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The National: High Violet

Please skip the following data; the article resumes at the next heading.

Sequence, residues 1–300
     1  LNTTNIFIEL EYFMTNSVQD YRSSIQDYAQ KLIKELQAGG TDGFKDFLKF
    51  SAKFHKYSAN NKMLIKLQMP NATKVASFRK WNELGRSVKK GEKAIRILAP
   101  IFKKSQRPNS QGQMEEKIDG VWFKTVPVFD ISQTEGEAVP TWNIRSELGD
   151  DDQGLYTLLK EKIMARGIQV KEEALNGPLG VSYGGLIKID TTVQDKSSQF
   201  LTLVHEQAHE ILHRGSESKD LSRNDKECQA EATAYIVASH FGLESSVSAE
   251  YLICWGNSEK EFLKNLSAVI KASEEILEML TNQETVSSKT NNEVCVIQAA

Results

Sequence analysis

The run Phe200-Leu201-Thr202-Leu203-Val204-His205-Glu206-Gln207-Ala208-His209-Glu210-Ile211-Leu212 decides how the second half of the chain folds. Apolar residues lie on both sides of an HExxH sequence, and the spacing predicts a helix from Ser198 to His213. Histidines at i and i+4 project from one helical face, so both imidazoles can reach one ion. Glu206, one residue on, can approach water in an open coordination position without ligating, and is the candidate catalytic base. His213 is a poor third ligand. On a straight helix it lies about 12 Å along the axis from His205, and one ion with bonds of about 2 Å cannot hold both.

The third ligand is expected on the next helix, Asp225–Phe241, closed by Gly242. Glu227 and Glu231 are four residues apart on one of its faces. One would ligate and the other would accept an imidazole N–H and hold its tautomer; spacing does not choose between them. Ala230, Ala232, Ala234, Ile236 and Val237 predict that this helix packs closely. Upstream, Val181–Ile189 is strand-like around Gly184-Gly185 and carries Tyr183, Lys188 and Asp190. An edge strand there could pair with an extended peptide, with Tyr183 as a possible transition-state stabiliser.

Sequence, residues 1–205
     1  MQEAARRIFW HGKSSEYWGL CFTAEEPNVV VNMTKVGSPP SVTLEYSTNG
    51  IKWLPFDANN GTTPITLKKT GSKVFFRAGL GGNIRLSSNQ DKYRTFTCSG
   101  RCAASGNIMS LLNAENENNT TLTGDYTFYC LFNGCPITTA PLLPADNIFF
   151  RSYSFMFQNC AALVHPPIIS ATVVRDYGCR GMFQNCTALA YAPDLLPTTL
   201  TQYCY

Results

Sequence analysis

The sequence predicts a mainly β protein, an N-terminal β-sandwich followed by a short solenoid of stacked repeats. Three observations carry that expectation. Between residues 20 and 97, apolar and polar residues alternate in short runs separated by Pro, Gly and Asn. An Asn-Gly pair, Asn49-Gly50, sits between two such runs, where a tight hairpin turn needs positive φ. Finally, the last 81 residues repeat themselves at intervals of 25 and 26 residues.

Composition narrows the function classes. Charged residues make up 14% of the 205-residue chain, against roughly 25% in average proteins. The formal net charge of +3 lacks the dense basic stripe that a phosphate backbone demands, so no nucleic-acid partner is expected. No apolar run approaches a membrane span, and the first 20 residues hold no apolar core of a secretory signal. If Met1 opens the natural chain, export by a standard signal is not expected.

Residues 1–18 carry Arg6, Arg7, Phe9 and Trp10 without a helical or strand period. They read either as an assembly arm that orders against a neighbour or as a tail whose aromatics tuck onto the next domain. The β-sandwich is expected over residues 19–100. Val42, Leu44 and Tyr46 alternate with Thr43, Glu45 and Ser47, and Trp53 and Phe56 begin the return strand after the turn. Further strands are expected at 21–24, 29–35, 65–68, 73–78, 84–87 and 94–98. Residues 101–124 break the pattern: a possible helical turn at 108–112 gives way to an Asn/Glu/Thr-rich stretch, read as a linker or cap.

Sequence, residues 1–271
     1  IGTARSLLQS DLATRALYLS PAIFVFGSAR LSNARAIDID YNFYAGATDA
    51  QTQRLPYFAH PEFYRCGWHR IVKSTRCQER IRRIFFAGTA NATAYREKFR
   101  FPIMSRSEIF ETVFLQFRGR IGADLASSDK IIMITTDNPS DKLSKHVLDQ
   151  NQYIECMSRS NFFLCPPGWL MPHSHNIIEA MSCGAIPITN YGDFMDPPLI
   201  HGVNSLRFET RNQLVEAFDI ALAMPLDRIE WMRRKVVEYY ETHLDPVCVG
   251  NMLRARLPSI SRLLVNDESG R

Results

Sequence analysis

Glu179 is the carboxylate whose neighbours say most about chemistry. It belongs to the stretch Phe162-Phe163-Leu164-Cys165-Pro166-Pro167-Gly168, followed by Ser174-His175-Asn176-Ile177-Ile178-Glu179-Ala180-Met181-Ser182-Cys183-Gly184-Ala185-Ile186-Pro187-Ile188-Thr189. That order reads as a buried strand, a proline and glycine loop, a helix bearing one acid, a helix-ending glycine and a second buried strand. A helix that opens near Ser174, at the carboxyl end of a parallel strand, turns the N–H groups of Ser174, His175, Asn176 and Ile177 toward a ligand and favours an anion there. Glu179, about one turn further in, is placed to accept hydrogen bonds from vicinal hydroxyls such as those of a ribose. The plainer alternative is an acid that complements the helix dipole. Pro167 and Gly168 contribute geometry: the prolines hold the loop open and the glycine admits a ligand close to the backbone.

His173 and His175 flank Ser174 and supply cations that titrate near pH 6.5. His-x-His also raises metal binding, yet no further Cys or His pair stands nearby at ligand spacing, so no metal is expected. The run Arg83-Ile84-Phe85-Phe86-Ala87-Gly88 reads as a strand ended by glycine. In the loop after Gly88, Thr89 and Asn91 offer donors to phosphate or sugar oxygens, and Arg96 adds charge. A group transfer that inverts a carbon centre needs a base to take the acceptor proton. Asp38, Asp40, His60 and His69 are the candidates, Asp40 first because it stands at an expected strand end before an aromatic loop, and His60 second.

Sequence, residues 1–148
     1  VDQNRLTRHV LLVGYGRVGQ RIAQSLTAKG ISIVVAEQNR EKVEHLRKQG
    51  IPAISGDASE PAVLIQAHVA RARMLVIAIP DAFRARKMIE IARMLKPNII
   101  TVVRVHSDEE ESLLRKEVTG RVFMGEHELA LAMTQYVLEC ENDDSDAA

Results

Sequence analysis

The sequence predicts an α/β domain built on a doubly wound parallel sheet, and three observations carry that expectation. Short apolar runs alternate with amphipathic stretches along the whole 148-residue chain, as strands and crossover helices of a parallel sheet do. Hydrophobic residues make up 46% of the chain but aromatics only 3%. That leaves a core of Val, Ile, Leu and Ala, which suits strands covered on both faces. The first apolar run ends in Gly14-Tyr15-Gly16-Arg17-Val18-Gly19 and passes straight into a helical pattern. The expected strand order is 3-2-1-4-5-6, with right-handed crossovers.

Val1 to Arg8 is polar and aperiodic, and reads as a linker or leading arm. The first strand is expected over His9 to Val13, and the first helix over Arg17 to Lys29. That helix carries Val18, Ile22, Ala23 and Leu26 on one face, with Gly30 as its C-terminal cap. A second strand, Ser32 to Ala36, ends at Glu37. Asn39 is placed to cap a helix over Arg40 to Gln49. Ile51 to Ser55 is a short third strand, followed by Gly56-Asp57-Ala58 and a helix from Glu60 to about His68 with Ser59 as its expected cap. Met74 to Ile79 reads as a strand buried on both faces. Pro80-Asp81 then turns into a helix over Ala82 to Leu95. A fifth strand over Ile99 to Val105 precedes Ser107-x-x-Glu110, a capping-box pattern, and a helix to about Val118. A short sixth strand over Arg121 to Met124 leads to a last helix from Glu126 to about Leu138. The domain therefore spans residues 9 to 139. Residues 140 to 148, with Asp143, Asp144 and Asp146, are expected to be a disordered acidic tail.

If The National’s slow, steady rise through the indie underground doesn’t disprove Neil Young’s declaration that “it’s better to burn out than to fade away” once and for all, than it should certainly prove that Matt Berninger simply needed the perspective of his 30s to reach his true songwriting potential. Like The National’s first four albums, High Violet is filled with small, first-person stories that are brought to life through grandiose orchestral pop instrumentation. As The National has found more commercial success, the band’s sound has conversely grown more somber and real—the heroic energy of 2005’s breakthrough “Mr. November” replaced by the lonely cries of High Violet’s most haunting moment, “Vanderlyle Crybaby Geeks” (after an album of more reserved vocals, Berninger revisits his trademark controlled screams on a few tracks as well). Though Berninger initially suggested that High Violet would contain some “not-quite classic rock moments,” like 2005’s Alligator and 2007’s Boxer, the album is defined by the contrast of the lo-fi grit of the group’s early work and the high-art aspirations of twin guitarists Aaron and Bryce Dessner. Whether Berninger is being ironic, sincere or introspective, life’s many contradictions continue to define his lyrics: “When I said what I said, I didn’t mean anything,” he sings on “Conversation #16” before admitting, “everything means everything.” And, like the band’s career in general, key High Violet tracks such as “Bloodbuzz Ohio” and “Afraid of Everyone” start slow and moody, but gradually build to an explosive climax.
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